There’s a celebration of Cuban arts and culture in NYC from March until June 2011 called the !Sí Cuba! Festival and I’ve missed most of what I wanted to see (including the Cuban choreographers working with Ballet Hispanico) but I did manage to make it to Cuban Visions, which is an exhibit of contemporary Cuban artists (only two don’t live in Cuba; the rest live in Cuba but travel outside the island) that was running just for Memorial Day weekend. The exhibit was on the entire second floor of the Metropolitan Pavillion, which is on 18th Street off Fifth Avenue.
Before you walk in you can hear it. There are three videos plus one painting with small speakers and depending on where you stand the noise could get a bit overwhelming. The first video “Inner Sea” was by Glenda León and it was 1:19 minutes of the waves coming to shore. Since I’d just been to the beach the day before and the water was a chilly 60 degrees it was hard for me feel the warm waters of the Caribbean.
Next to it was Eduardo Ponjuán’s “Monument,” which was a lightening rod of copper and nickel Cuban coins measuring 66.2 inches – the height of Jose Martí. It was made in Leningrad in 1962. A bronze and nickel steel sculpture of an arm holding a small pickaxe was very powerful – Estero Segura’s “The Right Hand” was laying on the floor and was so muscular that you could feel strain.
The first piece to really catch my eye was Luis Enrique Camejo’s “Accumulation #2” from the series “Malecon.” The painting is a crowded sea wall all in blue and the brush strokes are broad and light so that it feels like the painting has been washed by the ocean.
The next piece I liked was Aimée García’s “Guard.” It was actually five pieces – all metal cut out to look like different types of children’s clothing. And there was thread sewn onto each piece as decoration. It was fascinating to get up close and see this armor-like clothing with delicate embroidery actually sewn in. There was a fun-looking sculpture from José Emilio Fuentes Fonseca made of polychrome metal. It looked like a inflated apple (even had a place to blow the air in), slightly deflated and it was called “New York.”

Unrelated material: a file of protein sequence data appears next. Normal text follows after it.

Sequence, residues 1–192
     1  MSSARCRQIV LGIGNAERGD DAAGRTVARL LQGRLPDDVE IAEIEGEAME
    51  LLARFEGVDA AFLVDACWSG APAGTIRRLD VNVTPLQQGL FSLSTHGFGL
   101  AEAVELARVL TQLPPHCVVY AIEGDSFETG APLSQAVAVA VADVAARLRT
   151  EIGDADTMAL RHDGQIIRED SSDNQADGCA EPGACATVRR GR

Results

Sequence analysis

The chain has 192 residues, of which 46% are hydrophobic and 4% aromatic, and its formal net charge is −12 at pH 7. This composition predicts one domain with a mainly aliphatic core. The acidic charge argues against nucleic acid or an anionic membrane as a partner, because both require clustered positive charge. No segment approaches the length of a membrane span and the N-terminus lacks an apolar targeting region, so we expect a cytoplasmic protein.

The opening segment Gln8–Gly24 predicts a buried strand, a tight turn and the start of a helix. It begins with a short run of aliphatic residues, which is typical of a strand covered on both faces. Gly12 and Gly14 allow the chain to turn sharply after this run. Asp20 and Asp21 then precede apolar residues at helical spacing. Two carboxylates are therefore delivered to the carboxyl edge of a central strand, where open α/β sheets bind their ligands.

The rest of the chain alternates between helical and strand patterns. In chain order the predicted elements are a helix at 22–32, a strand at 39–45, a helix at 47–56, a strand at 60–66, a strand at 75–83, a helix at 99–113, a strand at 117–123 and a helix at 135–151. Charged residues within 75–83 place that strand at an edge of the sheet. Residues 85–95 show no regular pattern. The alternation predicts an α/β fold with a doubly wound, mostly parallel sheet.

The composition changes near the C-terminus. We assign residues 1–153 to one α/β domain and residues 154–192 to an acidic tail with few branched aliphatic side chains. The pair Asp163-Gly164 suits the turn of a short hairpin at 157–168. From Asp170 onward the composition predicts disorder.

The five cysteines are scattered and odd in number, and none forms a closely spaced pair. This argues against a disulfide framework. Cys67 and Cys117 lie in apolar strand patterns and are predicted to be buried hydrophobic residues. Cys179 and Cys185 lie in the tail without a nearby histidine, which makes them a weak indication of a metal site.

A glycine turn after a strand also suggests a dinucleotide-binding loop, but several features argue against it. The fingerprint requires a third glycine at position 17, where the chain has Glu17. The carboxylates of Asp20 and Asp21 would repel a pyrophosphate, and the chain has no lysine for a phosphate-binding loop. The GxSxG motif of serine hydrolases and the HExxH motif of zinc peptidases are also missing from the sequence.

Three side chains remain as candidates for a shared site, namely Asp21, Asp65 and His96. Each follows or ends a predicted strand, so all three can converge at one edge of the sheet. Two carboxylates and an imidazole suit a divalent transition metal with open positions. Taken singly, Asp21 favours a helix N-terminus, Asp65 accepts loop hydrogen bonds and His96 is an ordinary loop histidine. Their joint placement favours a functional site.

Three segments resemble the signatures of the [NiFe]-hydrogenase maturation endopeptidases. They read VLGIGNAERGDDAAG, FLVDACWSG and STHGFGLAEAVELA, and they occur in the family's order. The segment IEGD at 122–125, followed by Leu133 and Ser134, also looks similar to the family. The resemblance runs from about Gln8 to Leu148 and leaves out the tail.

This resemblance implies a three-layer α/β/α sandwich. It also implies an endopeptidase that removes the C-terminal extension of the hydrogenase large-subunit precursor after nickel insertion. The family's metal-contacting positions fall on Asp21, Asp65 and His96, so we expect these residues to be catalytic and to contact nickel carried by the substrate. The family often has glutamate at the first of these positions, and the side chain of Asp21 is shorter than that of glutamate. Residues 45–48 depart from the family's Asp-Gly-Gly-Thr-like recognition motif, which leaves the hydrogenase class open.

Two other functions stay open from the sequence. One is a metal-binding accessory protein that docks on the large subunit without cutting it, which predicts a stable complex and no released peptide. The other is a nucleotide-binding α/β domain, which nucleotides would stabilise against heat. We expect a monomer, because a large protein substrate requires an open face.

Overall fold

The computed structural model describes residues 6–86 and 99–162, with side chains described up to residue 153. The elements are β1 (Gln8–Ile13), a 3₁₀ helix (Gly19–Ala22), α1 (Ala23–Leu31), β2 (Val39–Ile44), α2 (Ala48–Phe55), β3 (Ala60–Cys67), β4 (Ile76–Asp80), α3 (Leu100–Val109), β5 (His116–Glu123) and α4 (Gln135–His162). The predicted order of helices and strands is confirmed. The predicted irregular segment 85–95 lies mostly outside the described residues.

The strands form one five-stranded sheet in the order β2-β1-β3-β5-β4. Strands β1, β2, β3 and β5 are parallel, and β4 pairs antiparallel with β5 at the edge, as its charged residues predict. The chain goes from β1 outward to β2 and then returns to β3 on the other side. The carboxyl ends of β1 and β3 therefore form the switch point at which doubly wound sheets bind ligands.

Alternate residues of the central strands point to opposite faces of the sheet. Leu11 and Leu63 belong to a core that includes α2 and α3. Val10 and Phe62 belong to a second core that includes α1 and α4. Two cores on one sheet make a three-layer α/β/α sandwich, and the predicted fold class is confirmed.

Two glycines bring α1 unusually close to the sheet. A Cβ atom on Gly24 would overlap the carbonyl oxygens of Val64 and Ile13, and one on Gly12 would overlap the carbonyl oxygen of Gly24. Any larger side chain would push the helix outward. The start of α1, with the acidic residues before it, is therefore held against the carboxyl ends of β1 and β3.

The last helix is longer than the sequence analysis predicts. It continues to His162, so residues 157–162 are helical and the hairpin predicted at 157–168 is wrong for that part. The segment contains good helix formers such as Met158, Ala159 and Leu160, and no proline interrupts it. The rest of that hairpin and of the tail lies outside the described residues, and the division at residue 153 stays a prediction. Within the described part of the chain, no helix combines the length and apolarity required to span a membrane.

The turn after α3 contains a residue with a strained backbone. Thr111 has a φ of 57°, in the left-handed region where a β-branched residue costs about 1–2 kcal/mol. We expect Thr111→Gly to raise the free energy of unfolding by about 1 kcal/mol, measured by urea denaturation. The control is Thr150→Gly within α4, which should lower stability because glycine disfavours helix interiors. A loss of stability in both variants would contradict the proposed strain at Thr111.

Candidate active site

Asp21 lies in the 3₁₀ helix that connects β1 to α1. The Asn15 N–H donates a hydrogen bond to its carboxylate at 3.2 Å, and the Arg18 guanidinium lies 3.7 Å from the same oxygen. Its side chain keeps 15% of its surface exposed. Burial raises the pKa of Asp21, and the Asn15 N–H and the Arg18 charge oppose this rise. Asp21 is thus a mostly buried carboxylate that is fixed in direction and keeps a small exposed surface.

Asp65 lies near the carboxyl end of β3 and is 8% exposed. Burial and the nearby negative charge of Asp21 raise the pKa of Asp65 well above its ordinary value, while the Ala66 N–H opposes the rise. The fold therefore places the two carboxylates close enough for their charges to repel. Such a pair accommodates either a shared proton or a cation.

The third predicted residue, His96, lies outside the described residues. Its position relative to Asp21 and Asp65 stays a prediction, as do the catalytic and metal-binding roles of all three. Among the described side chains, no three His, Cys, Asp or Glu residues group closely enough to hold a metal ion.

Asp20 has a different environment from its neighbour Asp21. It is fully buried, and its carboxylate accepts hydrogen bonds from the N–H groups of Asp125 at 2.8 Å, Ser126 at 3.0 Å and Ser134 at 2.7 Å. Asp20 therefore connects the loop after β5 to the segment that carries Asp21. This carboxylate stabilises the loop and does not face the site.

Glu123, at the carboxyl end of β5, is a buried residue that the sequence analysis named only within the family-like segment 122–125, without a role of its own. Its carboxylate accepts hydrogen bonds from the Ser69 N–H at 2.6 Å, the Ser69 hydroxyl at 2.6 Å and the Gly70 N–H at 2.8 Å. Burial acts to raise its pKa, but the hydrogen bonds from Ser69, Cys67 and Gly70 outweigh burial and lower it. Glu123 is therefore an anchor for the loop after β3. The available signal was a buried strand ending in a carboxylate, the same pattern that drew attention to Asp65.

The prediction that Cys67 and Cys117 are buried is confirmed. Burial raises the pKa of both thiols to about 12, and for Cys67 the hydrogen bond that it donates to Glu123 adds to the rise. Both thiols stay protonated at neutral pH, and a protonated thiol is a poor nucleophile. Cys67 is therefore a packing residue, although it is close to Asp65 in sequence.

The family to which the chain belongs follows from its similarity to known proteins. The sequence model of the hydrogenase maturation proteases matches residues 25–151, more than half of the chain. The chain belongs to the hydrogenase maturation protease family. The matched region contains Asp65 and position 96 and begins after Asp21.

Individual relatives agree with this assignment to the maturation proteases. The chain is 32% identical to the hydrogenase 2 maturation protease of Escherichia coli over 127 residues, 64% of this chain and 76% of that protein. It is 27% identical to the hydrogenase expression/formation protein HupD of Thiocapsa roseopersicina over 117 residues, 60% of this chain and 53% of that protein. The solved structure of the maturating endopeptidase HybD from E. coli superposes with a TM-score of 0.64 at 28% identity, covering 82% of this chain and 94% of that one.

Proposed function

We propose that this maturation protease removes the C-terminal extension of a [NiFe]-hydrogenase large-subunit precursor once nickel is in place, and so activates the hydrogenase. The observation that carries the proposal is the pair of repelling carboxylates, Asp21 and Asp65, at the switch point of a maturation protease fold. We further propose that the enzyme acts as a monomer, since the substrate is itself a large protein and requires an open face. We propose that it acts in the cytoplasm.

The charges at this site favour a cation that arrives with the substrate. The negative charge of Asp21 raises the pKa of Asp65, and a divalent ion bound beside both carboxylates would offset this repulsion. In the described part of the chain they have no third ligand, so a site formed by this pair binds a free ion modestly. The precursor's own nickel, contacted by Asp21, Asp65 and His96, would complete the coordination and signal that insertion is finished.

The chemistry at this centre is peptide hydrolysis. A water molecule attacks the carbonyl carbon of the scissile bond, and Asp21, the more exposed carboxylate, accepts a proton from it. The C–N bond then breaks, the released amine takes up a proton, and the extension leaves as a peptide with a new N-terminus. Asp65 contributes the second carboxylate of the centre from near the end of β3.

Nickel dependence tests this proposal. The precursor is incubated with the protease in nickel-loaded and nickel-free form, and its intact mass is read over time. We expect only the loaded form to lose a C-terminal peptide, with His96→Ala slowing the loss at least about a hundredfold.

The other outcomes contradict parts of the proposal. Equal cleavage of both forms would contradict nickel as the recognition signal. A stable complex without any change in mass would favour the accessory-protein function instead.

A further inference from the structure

The painting with the speakers was José Ángel Vincench’s “Abstract painting that speaks.” To my eyes there wasn’t anything special about the painting itself – it was a big piece covering the corner of one room – but each end had a tiny tinny speaker. One was playing the Cuban national anthem and the other was so tinny that I couldn’t make out what the music was. Plus there was another video installation nearby that ran for 14 minutes and was playing loud music. That was a 16mm film transferred to video. The sound was all music and the sights were all modern-day Cuba. In Juan Carlos Alom’s “Havana solo” one scene used old familiar (to me from my childhood) music and when the pans of Havana came on I would swear it was the 1950s except for the modern day dress on the people. Another scene had a pregnant woman in white singing an aria a cappella at the sea while in a room a man played a very funky bass solo. The mix of the classical and the modern wasn’t jarring just like the music and Cuban scenes weren’t.